This essential book questions the psychological construct of Internet Addiction by contextualizing it within the digital technological era. It proposes a critical psychology that investigates user subjectivity as a function of capitalism and imperialism, arguing against punitive models of digital excesses and critiquing the political economy of the Internet affecting all users.
Friedman explores the limitations of individual-centered remediations exemplified in the psychology of internet addiction. Furthermore, Friedman outlines the self-creative actions of social media users, and the data processing that exploits them to urge psychologists to politicize rather than pathologize the effects of excessive net use. The book develops a notion of capitalist imperialism of the social web and studies this using the radical methods of philosopher Gilles Deleuze and psychoanalyst Félix Guattari.
By synthesizing perspectives on digital life from sociology, economics, digital media theory, and technology studies for psychologists, this book will be of interest to academics and students in these areas, as well as psychologists and counselors interested in addressing Internet Addiction as a collective, societal ill.
Table of Contents
Preface by Ian Parker
A Brief Take on "Internet Addiction" in Psychology
Schizoanalysis, Technology, and Sociality
Users and Technologies of Self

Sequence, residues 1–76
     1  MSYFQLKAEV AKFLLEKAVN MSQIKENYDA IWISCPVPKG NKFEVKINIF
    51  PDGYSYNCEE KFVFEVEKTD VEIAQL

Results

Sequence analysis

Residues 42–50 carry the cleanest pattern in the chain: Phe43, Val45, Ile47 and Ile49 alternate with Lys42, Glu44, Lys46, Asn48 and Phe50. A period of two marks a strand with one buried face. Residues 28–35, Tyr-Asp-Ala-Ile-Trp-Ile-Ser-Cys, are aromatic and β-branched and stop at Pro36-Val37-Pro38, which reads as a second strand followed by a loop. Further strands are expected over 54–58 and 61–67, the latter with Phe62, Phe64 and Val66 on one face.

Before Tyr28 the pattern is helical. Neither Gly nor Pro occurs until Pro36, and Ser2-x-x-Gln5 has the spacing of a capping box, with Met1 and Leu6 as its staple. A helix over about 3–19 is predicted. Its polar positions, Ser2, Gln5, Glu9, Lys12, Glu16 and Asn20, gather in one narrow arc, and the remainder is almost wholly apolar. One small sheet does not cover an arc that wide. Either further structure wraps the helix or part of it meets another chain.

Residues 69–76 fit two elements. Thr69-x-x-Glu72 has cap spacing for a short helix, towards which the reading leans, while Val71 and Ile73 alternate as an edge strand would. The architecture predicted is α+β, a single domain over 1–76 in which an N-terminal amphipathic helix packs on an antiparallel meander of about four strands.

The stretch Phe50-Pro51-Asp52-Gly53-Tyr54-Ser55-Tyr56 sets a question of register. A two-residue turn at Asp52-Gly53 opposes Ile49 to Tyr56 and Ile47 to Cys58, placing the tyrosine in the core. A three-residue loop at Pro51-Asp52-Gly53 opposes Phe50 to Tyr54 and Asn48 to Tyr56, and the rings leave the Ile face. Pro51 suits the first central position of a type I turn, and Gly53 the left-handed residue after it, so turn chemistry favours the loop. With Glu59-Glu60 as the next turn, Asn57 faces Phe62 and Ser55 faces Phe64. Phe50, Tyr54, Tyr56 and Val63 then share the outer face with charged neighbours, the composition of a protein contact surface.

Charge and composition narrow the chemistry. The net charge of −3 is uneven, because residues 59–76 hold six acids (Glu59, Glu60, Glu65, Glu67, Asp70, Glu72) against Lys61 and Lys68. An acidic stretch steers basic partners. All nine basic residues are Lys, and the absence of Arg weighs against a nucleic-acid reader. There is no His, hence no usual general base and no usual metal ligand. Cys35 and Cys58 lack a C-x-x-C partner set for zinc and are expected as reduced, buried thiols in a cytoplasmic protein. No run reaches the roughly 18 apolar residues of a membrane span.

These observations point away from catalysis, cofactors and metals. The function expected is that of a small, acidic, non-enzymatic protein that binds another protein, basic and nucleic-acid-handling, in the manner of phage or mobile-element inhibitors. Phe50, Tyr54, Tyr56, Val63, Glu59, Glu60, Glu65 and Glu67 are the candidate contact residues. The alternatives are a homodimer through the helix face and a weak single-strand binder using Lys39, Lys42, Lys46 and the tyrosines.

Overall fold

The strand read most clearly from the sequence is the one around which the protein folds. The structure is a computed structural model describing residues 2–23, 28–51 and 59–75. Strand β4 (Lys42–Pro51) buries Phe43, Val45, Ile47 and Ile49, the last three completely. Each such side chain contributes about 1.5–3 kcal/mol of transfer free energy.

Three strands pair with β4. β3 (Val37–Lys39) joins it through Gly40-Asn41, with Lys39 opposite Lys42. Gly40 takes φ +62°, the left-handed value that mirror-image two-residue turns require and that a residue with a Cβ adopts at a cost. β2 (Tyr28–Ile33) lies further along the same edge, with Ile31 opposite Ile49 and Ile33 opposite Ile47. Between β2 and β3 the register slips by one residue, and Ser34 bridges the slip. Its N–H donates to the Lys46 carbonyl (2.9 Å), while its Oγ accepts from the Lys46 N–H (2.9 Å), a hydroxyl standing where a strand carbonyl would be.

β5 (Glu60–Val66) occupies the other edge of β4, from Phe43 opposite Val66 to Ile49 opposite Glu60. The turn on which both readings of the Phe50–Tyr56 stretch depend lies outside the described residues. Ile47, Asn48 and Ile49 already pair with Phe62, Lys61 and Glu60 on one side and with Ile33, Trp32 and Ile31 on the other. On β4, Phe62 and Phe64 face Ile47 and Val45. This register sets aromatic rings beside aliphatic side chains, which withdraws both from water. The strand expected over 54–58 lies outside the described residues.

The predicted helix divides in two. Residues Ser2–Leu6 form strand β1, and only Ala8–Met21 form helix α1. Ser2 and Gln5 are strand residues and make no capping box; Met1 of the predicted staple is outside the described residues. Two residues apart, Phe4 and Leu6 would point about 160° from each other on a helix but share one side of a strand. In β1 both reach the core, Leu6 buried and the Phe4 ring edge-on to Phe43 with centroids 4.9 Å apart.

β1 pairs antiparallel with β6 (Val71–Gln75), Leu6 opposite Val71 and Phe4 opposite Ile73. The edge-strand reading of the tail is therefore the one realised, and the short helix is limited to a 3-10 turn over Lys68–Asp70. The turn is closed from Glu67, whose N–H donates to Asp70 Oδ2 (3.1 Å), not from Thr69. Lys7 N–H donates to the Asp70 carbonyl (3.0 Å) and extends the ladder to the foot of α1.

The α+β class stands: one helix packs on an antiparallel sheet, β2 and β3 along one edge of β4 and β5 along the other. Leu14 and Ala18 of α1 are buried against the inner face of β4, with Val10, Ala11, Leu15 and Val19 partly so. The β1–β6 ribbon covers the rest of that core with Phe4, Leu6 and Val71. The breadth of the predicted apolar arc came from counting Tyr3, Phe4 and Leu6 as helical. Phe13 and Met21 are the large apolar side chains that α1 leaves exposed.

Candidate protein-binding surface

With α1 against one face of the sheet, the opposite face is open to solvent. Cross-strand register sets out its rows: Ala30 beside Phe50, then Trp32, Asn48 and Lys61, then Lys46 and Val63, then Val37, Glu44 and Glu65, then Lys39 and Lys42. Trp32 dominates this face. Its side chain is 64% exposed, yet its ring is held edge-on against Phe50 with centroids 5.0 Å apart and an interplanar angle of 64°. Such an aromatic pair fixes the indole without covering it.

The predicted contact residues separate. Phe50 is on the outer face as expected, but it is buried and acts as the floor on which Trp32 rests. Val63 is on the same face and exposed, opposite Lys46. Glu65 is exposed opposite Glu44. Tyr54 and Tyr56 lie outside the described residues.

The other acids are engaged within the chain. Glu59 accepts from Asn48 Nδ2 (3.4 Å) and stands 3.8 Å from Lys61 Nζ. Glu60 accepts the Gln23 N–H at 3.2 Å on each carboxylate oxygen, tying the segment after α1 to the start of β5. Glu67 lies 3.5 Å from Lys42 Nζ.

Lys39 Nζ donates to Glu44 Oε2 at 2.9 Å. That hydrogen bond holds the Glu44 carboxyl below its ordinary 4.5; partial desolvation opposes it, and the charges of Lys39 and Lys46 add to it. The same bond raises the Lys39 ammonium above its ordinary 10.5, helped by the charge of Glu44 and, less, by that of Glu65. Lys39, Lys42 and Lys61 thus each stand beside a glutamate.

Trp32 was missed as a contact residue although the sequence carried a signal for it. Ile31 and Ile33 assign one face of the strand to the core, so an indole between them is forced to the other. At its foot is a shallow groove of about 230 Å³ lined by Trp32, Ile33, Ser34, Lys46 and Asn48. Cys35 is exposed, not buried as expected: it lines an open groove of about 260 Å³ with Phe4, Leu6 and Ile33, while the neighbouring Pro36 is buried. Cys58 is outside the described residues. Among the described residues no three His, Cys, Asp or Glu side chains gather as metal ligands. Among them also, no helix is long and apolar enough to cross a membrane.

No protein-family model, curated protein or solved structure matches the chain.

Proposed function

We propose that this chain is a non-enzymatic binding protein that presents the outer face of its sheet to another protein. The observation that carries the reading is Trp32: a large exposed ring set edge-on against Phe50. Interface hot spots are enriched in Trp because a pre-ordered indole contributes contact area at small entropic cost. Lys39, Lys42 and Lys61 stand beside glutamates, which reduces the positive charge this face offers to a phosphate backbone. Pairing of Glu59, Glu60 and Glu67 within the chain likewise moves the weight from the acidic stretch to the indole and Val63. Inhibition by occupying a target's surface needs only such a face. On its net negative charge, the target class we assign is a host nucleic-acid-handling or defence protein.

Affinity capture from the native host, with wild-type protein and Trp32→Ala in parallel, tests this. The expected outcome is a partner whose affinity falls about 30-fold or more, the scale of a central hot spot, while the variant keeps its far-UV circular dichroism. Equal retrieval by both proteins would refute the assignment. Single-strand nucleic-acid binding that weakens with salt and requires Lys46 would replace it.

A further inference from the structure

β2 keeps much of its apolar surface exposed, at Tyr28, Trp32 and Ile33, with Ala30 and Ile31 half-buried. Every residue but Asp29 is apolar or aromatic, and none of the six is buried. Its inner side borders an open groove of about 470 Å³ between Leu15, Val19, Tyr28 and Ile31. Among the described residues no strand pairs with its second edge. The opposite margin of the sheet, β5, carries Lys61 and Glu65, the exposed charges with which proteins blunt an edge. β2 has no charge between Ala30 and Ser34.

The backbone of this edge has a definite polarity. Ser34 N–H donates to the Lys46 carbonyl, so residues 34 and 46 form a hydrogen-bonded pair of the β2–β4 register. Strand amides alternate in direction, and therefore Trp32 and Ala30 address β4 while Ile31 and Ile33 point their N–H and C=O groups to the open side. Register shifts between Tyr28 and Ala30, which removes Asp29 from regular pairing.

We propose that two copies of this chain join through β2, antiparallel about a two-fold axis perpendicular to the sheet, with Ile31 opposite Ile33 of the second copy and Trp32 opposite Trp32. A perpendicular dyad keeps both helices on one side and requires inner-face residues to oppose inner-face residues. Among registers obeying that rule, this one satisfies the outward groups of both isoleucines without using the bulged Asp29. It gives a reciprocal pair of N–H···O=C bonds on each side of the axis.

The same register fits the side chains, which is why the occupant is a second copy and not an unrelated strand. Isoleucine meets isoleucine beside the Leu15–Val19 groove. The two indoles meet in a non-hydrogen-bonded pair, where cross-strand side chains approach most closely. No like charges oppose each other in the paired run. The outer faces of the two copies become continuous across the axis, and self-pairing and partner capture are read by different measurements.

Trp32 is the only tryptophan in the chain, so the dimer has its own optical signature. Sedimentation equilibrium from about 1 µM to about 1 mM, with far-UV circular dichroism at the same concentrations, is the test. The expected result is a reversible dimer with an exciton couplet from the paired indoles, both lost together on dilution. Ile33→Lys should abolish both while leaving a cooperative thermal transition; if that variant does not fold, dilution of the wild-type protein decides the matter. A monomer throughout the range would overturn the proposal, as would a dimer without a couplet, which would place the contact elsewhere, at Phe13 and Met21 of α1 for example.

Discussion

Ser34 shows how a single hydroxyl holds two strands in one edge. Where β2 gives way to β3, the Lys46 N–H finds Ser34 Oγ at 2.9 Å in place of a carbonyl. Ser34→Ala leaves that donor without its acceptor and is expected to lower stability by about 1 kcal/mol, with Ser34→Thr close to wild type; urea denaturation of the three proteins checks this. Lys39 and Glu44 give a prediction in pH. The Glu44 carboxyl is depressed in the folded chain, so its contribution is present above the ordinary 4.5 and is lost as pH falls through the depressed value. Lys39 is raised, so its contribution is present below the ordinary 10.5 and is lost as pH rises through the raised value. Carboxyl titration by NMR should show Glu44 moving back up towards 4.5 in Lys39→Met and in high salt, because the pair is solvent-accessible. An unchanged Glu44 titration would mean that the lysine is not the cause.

Extraction Machine of Social Media
Data Collection and the Relational Factory
Emaline Friedman, Ph.D., is an independent scholar and psychosocial theorist. Her research interests cover all forms of digital control and exploitation: data capitalism, platform labor, AI-enabled bigotry, and software cultures. She works on distributed ledger technologies to steer networked social organization toward human solidarity initiatives, environmental regeneration, and other forms of commoning.
"There may be no more pressing matter for the emerging world of 21st-century capitalism than the question of addiction. Up until now, the current array of theoretical formulations for addiction as a concept and social set of practices, both remediative and explanatory, have been of limited utility. This volume offers an innovative and convincing intervention into how we might think of addiction as an integral aspect of contemporary capitalist logic and as a way of understanding emerging modes of alternative engagements that may offer new worlds and new peoples. Utilizing Deleuzo-Guattarian schizoanalytics the book offers both overdue new methodological tactics of inquiry as well as introducing addiction as a social configuration rather than an individual pathology. The proposals for new forms of sociality and subjectivity offer life affirming alternatives to the death drive of late stage capitalism."— Hans Skott-Myhre, Professor of Human Services, Kennesaw State University, USA